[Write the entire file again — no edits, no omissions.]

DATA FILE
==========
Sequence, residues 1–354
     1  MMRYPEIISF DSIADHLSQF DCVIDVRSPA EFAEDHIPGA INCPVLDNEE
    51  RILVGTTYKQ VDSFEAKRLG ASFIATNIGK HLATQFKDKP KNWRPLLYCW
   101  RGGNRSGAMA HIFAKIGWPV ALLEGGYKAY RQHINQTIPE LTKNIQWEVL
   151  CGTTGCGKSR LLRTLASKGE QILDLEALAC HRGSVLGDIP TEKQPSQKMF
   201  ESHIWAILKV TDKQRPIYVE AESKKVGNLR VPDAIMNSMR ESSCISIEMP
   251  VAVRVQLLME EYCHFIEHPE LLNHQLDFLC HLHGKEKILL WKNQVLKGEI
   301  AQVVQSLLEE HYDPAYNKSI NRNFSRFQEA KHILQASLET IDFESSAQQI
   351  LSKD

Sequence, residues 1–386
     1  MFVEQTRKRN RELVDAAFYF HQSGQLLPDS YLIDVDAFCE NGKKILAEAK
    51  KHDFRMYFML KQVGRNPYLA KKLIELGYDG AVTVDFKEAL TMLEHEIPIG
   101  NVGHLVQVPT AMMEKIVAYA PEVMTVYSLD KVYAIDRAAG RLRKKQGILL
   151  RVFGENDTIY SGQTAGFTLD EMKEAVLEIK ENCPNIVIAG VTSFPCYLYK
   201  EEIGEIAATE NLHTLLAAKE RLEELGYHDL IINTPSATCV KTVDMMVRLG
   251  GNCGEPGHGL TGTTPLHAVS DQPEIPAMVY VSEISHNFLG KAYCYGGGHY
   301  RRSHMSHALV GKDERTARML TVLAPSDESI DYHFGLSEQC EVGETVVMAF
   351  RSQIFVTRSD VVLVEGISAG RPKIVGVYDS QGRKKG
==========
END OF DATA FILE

Sequence, residues 1–354
     1  MMRYPEIISF DSIADHLSQF DCVIDVRSPA EFAEDHIPGA INCPVLDNEE
    51  RILVGTTYKQ VDSFEAKRLG ASFIATNIGK HLATQFKDKP KNWRPLLYCW
   101  RGGNRSGAMA HIFAKIGWPV ALLEGGYKAY RQHINQTIPE LTKNIQWEVL
   151  CGTTGCGKSR LLRTLASKGE QILDLEALAC HRGSVLGDIP TEKQPSQKMF
   201  ESHIWAILKV TDKQRPIYVE AESKKVGNLR VPDAIMNSMR ESSCISIEMP
   251  VAVRVQLLME EYCHFIEHPE LLNHQLDFLC HLHGKEKILL WKNQVLKGEI
   301  AQVVQSLLEE HYDPAYNKSI NRNFSRFQEA KHILQASLET IDFESSAQQI
   351  LSKD

Sequence, residues 1–386
     1  MFVEQTRKRN RELVDAAFYF HQSGQLLPDS YLIDVDAFCE NGKKILAEAK
    51  KHDFRMYFML KQVGRNPYLA KKLIELGYDG AVTVDFKEAL TMLEHEIPIG
   101  NVGHLVQVPT AMMEKIVAYA PEVMTVYSLD KVYAIDRAAG RLRKKQGILL
   151  RVFGENDTIY SGQTAGFTLD EMKEAVLEIK ENCPNIVIAG VTSFPCYLYK
   201  EEIGEIAATE NLHTLLAAKE RLEELGYHDL IINTPSATCV KTVDMMVRLG
   251  GNCGEPGHGL TGTTPLHAVS DQPEIPAMVY VSEISHNFLG KAYCYGGGHY
   301  RRSHMSHALV GKDERTARML TVLAPSDESI DYHFGLSEQC EVGETVVMAF
   351  RSQIFVTRSD VVLVEGISAG RPKIVGVYDS QGRKKG